I guess it's a sign of old age when you start thinking and remembering that far back. I'm talking about early and mid 1940's. LOL
My parents were very much into Christmas and being a mixed culture
household (father Cuban, mother American) they would take customs
from both cultures and we children benefited as our Christmas was
really fuller and seemed to last longer than our playmates'.
There are a lot of jumbling remembrances, even from when I was about
three years old......my twin brothers were just two years old and I
remember the Christmas tree being placed INSIDE their playpen so that
they could not reach it and grab and pull or open packages before
they were supposed to!
I remember all three of us (our little sister did not come along
until I was almost nine) sitting in our little chairs and little
rocking chairs lined up in the living room, singing Christmas carols
in English and Spanish as our parents put up the tree.
During those days the trees in our house were usually Australian pines, (or as they are known in Hawaii, ironwoods) with the long thin needles and little-bitty pinecones. These trees grew profusely in Cuba. My parents would place thick wads of white cotton along the branches to make it look like snow. The lights were the now-old-fashioned and multi-colored bigger bulbs and we had a beautiful collection of ornaments that had accumulated through the years. We would oooooh
and aaaaahh! as each ornament was unwrapped and hung.
I remember that for a month or so before the holidays, my mom would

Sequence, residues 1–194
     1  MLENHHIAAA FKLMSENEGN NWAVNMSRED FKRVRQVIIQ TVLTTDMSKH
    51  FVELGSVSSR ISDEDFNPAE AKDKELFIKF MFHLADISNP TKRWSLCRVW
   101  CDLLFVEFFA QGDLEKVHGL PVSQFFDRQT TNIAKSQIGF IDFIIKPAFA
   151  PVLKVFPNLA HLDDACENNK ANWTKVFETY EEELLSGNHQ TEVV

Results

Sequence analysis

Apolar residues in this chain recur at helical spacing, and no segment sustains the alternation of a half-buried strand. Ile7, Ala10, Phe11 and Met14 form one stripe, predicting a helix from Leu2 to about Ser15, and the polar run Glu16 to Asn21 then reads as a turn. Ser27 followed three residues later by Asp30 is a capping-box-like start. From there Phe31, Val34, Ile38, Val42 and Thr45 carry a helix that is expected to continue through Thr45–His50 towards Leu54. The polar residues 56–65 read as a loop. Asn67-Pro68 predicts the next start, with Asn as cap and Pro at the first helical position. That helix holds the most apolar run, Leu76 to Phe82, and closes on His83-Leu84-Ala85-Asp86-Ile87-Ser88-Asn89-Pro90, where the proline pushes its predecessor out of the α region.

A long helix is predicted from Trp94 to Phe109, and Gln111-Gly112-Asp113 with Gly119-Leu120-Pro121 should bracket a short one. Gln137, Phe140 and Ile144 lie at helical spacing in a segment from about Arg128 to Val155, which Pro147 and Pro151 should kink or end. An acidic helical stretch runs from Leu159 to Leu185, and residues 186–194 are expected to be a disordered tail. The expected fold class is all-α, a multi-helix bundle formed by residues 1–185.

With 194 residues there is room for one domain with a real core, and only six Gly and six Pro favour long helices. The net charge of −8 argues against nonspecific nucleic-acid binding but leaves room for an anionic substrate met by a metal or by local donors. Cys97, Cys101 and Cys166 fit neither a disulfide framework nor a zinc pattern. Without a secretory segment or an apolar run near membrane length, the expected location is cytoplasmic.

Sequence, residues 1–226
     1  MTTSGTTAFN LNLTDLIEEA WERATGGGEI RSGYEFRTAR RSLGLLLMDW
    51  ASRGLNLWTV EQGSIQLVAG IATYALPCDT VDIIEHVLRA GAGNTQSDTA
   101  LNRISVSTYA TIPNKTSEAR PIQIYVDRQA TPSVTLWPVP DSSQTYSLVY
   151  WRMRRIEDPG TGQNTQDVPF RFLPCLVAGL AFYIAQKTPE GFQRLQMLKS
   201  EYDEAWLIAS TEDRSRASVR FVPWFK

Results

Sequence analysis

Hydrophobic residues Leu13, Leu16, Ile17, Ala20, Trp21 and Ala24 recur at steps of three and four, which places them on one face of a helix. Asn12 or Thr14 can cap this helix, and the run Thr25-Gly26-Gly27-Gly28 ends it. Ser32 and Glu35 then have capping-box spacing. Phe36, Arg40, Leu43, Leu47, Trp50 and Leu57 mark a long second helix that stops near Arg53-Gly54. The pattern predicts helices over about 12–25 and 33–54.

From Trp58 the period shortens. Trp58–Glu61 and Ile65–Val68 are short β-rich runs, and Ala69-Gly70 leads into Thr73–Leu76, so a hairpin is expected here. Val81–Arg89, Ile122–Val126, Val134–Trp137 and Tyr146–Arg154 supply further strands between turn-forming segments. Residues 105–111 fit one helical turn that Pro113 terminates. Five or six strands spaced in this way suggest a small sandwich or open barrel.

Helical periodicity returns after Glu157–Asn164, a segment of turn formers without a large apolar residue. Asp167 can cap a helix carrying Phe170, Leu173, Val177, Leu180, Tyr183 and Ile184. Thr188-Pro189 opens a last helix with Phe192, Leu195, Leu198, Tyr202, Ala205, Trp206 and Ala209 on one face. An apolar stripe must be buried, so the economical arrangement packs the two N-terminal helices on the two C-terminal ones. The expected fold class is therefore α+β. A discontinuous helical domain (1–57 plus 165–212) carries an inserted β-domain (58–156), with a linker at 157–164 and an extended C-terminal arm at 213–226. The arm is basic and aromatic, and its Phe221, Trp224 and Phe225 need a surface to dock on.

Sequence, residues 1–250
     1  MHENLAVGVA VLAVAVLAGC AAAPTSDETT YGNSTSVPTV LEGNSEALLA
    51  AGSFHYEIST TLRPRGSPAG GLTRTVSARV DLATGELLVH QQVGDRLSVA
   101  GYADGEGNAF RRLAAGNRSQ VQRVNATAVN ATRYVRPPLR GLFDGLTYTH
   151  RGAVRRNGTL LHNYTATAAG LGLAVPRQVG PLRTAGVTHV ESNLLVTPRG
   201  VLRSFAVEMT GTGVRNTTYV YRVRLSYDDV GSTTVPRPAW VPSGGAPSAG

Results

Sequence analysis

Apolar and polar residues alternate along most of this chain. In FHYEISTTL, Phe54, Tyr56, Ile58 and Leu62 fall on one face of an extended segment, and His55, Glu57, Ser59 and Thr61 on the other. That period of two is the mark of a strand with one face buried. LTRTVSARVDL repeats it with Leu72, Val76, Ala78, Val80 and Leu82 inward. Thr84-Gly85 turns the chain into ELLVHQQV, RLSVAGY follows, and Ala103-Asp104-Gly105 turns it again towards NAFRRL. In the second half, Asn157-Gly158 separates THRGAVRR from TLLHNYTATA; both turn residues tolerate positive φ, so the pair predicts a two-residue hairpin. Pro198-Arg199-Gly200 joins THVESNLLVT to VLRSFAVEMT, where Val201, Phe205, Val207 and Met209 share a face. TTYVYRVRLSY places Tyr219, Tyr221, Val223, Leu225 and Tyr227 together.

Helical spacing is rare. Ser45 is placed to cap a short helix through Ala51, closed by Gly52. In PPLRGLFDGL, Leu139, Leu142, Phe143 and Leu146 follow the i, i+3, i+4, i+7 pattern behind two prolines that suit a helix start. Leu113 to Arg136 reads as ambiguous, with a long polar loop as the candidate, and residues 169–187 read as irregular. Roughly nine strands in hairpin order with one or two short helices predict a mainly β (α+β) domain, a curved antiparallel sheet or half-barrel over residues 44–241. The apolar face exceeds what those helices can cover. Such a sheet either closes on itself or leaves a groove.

receive copies of the Atlanta newspaper in cardboard cylinders mailed
from our aunt who lived there. Inside the pages of the newspaper,
our aunt would insert sheets of colorful American Christmas wrapping
The week of Christmas, we would all be dressed up and taken to visit
the Asilos de Ancianos (homes for the elderly), hospitals and
convents where the nuns would set up huge and very elaborate manger
scenes every year......usually taking half a room.
They would "build" whole tiny villages, with mountains, and rivers and
lakes (sometimes with real running water) and place miniature palm
trees and shepherds and sheep, and the Three Kings would be seen,
with their camels, way up on the mountains making their way down to
the stable, following a big star, which hung right over the stable.
As the days passed, the Magi and their camel entourage would be
placed closer and closer, until January 6th, (Three King’s Day) when they finally would arrive in front of the manger tableau. There was usually an alms box where donations would be placed and we three children were always given some coins to put in them.
At our house, we kids would get up very early on Christmas morning and
sneak into the living room to see what Santa had brought. We would
search for three packages, resembling shoe boxes, but heavier and
make sure we got our "annual" pair of skates (we would run through a
pair every year, saving the spare parts in the seat/chest part of the
hat-rack by the front door). Once we confirmed they were there, we
would run back in our rooms, get dressed (shoes and all) and hop back
in bed until time to get up. The only rule on this day was we had to
dress, make up our beds and eat breakfast before going in the living
room to open packages.
The packages we opened on Christmas day were usually the ones from
our parents (as Santa Claus) and from family in the States.
The packages from our Cuban grandparents, aunts and uncles, etc were
not put under the tree until the night before January 6th – Three King's
Day, the traditional day Cuban children got their gifts.